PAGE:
Mark Dilley recently passed along a link to a good
open letter by Dan Spalding with some great advice for boys in social justice movements: Shut the Fuck Up, or, How to act better in meetings. It’s something for every boy who wants to support the feminist struggle needs to read. Probably several times. I know that it’s something I need to remind myself of every day. Here’s Spalding:
What’s to be done? I’ve come up with a little idea I like to call,Shut the fuck up.It goes as follows: Every time someone…
Says something you think is irrelevant,
Asks a (seemingly) obvious question,
Criticizes your proposal or makes a contradictory observation,
Makes a proposal
Asks a question, or
Asks for more input because there’s a brief lull in the discussion. . .
Shut the fuck up. It’s a radical process, but I think you’ll like it.
Of course, nobody is saying that you can’t say anything or do anything in meetings. The point is that you don’t need to say or do everything–even if you’re absolutely sure that you’re full of Great Ideas. Trust people to have some good ideas of their own, and leave them some space to bring them up:
What does that mean for us? First, we shut the fuck up. This was easy for me in school — I just made a rule that I never spoke more than twice in a 50 minute class. Surprise! Almost every time I would have spoken, someone else eventually said the exact same thing, or something smarter. It was frustrating when it was another obnoxious man doing the answering, but a lot of times it wasn’t one of the two guys in class who spoke most often.
Read the whole thing. If the meeting stalls and folks aren’t saying anything, there is probably a problem with the process not with the people at the meeting. And of course this goes triply when the
movement in question is the women’s movement. I remember having a conversation with some friends–both women and men–about the term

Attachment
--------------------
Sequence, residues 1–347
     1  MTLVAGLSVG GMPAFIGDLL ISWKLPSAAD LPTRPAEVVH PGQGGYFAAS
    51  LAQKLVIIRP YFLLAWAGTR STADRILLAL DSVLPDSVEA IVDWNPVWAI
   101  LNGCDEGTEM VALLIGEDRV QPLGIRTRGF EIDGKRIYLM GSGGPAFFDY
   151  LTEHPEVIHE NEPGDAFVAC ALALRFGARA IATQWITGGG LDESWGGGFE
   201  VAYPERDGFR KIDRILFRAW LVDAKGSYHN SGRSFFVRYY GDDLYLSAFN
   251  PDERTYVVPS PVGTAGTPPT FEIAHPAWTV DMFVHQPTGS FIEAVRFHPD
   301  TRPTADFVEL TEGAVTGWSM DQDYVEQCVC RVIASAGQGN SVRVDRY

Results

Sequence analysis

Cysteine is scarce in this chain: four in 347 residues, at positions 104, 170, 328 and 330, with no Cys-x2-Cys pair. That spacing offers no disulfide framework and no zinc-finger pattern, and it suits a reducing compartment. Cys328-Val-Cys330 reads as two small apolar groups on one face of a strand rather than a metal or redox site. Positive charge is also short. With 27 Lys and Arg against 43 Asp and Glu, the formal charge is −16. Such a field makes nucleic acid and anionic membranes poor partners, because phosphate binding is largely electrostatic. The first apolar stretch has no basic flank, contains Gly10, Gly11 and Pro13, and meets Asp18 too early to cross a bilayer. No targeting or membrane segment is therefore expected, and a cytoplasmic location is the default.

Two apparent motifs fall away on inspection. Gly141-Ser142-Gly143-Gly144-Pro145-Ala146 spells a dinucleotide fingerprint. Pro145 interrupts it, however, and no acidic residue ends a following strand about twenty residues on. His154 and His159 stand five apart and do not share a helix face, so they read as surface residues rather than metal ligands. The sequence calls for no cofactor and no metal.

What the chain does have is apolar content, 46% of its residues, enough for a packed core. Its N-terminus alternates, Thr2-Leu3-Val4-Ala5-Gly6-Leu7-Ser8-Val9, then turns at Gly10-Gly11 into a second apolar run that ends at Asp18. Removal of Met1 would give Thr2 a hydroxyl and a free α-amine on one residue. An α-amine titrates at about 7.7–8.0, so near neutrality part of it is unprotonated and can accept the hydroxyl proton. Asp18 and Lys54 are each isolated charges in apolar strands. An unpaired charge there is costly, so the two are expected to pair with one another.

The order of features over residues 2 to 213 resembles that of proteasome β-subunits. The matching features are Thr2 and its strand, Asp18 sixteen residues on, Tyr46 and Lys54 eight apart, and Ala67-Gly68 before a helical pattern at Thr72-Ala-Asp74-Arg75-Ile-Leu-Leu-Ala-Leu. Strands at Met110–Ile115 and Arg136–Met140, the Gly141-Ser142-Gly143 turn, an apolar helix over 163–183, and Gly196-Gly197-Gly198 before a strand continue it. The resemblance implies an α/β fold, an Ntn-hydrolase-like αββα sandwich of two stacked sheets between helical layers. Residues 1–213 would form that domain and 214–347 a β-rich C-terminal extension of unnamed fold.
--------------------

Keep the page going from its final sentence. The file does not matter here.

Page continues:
pro-feminist man (terminology that I don’t like, but that I respect the reasons behind, as I’ve said here before). After I’d mentioned it, one of my male friends said that it sounded like something from the sort of feminists who’d rather men just stayed home and baked cookies rather than being part of the movement. Now, I don’t think that’s actually true–I’ve never found a feminist group that had the resources, in time or in people, to even consider the luxury of turning away volunteers. But supposing it were true–what would be so bad about helping out by baking cookies? Cookies, at least, are useful, whereas half of what I might have to say if I droned on all the time at feminist meetings wouldn’t be. There’s a lot of shit-work to do in organizing, and it wouldn’t kill us boys to do it every now and again. Props to Dan Spalding for pointing this out and for citing Jo Freeman’s excellent The Tyranny of Structurelessness as an inspiration for some of what he said; in addition to Spalding’s open letter and Freeman’s essay, I’d also like to finish with a recommendation for another paper:
What Men Can Do for Women’s Liberation by Gainesville Women’s Liberation (you can find it in Dear Sisters). Here’s some of the things that they suggest–all important things to do, and none of them are
insist on sharing all your great ideas for how women can free themselves at a meeting:
Set up a day-care center at the shop or place of work so that more women can be free to work. …
If you can’t cook, learn. …
Provide babysitting and transportation for WL meetings. …
Listen to a woman’s ideas. Hers are as good as a man’s or better. …
Don’t be super critical of a woman’s behavior because she is in Women’s Liberation. Don’t expect her to act like a liberated woman until you become a liberated man.
Don’t try and make points with women by bragging what a non-male supremacist you are. Admit your chauvinism and we can try and help you get out of it.
Don’t make jokes about WL. It’s a serious thing. Women die from male supremacy every year.